Disturbing. Not because it's soaked in gore, though the cover might lead you to that conclusion. This is disturbing because Kevin Colden, writer and artist, is telling a story about an actual event that occurred in a section of Philadelphia called Fishtown.
Colden starts with this quote from Jean-Paul Sartre: "It disturbs me no more to find men base, unjust, or selfish than to see apes mischievous, wolves savage, or the vulture ravenous." If that's not a hint about the low territory we're entering, I don't know what is.
Colden tells the story from the perspective of police interviews of four young people. They are three boys and a girl, all late teens, high school age. Through the intereviews he brings out the story of murder until it circles back to arrests and interviews.
It's no surprise that these four have killed an acquaintance/friend. The story is about how they reached that point, their rationalizations for their actions, and how they carried out the murder with absolutely no thought about consequences for themselves or anyone else. Of course they have no idea the effort it takes to kill someone using blunt objects. Of course they suck at covering up their involvement in the murder. What they excel at is pushing blame away from their individual decisions and onto their cohorts.
It's not a sad story because a young man, or nearly young man, died. That is sad, and the impact on his family isn't ignored. The tragic aspect is the utter disgust that you'll feel for the perpetrators. Colden tells the story so well that you can hope that there's some redeeming quality to these four. It's their back stories we learn. They're not unusual people, for good or ill. And yet they reach the decision that's devoid of empathy for another person. Sartre may not have been disturbed by this story (and we'll never know), but I was. I consider that successful storytelling by Colden.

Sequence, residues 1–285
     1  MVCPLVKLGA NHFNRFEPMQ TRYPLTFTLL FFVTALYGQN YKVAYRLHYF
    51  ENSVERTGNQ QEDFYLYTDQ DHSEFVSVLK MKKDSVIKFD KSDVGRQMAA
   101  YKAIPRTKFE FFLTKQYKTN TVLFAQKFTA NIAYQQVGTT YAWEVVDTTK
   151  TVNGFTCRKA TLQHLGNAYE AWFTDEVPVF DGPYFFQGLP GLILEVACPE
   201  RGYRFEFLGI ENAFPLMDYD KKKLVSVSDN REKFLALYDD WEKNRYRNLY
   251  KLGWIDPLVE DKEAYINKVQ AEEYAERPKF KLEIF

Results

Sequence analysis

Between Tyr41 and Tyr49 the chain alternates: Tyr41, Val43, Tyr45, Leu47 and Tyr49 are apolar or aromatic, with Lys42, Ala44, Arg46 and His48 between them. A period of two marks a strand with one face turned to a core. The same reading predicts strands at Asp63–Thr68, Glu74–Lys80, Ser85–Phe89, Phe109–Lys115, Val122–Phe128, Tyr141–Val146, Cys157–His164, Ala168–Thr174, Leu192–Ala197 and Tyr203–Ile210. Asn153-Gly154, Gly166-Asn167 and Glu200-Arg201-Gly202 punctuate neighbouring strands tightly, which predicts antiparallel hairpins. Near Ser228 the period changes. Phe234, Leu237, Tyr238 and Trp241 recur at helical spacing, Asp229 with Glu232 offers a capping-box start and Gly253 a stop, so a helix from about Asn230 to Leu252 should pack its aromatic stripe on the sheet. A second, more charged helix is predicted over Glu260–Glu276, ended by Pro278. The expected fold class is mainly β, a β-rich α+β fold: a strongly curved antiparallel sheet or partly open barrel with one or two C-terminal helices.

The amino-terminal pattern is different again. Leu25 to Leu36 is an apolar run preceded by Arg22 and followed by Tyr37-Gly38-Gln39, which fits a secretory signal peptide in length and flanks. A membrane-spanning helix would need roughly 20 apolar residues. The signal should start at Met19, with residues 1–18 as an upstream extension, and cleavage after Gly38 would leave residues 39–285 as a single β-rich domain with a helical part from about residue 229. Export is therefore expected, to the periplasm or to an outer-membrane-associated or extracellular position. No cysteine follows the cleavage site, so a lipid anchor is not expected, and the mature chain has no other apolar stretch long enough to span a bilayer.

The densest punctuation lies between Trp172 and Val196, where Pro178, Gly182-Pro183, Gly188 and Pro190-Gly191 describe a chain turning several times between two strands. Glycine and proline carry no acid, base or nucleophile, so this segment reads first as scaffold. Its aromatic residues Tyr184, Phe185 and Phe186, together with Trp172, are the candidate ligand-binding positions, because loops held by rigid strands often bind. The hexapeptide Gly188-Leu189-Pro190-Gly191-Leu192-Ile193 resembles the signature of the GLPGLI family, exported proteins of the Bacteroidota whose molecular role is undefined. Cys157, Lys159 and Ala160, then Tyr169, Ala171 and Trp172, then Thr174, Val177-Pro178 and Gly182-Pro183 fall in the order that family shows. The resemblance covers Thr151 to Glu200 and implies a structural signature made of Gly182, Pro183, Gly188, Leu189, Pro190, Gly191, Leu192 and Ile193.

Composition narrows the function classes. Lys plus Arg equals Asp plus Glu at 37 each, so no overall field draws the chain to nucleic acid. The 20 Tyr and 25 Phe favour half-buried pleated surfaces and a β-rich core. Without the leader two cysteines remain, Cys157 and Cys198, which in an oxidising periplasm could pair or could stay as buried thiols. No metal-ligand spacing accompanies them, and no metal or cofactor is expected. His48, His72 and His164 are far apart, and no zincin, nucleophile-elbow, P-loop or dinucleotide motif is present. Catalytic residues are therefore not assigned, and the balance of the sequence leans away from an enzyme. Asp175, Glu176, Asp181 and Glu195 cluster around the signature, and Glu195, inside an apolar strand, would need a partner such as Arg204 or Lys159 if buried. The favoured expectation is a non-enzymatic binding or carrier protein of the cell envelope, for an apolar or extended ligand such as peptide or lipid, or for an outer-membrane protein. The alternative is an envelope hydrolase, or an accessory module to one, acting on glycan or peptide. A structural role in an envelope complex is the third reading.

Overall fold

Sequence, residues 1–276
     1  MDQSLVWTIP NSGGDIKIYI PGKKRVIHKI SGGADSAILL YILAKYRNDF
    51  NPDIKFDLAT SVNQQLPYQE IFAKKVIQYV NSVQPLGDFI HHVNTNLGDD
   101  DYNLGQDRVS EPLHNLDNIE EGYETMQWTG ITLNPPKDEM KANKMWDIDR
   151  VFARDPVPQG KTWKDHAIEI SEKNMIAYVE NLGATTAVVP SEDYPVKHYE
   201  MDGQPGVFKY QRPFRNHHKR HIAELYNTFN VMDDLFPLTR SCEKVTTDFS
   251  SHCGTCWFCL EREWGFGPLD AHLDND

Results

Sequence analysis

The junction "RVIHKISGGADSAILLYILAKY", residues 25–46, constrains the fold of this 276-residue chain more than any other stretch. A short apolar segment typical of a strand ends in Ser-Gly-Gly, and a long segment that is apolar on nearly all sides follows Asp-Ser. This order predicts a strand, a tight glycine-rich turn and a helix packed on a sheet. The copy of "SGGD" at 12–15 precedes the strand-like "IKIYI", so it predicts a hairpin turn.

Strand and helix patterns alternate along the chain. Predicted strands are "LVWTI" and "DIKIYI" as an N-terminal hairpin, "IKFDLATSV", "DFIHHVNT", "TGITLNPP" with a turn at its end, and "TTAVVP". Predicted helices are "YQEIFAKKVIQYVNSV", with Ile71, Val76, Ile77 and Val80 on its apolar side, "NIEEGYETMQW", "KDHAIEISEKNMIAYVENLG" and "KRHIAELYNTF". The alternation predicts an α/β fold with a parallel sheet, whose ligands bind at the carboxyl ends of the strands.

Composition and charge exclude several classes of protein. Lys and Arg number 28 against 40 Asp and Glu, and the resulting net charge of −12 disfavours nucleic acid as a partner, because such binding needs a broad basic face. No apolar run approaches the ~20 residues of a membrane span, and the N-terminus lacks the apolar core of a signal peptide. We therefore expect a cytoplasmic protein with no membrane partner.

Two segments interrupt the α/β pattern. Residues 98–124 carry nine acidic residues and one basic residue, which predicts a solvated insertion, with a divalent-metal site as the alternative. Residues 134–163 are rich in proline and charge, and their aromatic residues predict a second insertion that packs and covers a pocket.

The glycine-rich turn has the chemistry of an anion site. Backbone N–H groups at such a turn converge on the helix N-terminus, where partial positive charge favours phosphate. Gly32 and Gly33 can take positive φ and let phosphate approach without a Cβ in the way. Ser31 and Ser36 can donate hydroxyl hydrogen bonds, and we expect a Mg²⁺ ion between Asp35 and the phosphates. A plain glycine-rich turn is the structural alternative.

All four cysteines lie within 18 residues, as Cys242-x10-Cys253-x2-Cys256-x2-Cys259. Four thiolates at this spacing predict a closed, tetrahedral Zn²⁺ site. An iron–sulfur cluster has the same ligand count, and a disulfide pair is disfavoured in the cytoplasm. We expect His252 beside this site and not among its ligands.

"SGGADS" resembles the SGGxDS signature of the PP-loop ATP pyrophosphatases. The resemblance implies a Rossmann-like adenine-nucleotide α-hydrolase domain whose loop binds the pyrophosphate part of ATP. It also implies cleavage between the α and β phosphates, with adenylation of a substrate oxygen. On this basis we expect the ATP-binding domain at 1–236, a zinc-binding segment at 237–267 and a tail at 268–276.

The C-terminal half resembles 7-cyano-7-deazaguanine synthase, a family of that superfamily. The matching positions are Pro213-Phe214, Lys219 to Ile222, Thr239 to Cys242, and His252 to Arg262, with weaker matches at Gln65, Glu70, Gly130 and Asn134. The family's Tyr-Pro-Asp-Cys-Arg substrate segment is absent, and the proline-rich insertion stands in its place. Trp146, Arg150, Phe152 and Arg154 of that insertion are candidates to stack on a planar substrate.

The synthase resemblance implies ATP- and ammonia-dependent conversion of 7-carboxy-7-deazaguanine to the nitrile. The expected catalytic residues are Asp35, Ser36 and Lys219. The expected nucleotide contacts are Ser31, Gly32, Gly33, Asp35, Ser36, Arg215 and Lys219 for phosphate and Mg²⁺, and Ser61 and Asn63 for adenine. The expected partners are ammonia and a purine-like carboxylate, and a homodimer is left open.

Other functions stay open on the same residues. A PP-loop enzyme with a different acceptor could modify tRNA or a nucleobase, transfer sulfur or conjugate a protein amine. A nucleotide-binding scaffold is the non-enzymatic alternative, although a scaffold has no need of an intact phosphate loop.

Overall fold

Adding to the bleak picture are the actual pictures. Colden uses only two colors. Most things are colored with a shade of pale yellow. Only blood shows up in any other color, and even that's a pale red. It lends a washed out feel to the story that's in keeping with the depressed community and even more depressed lives of the protagonists. Colden has great perspective in his art and employs the interviews of the suspects par excellence. The deadpan expressions through so much of the interviews, with the occasional dumbfounded or dismayed. Some come to more of a realization of their end circumstances than others, and Colden has that well displayed.